If you have a chance to drop by Amazon and leave a review it would help us a lot.

    Tracey Pilone
    Head First Algebra

  2. Umm - thanks for beating me to Amazon!
    Tracey Pilone

  3. No worries Tracey (and yes, I recognized your name). I wasn't sure how much traffic I could drive to the review on my blog, so thought I'd hedge my bets and "double post" on Amazon as well.

  4. James, thanks for the review.

    Tracey, I bought a copy for my daughter. She's taking intro to Algebra this summer, then Algebra I in 6th grade. She is 10 years old.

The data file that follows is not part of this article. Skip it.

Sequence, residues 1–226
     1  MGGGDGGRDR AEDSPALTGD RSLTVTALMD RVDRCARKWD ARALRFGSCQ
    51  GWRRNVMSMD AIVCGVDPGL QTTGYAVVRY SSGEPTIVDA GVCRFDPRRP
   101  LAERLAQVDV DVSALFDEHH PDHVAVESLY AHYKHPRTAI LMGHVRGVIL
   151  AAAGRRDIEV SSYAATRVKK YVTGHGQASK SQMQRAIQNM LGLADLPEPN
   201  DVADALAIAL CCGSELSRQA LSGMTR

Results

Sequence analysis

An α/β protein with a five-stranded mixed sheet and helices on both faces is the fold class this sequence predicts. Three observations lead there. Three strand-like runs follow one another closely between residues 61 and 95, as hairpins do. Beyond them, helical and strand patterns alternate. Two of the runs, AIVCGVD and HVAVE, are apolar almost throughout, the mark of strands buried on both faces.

We just finished the first chapter, so far so good. Maybe I'll write a review of the book when she's done.

    She's not the least bit ADHD, but does like a lot of stimulus. I wonder if it's more of a generational thing.

  5. Thanks for your comments. I doubt that Tracey will see them, though. If you want to comment to her directly, you might try here: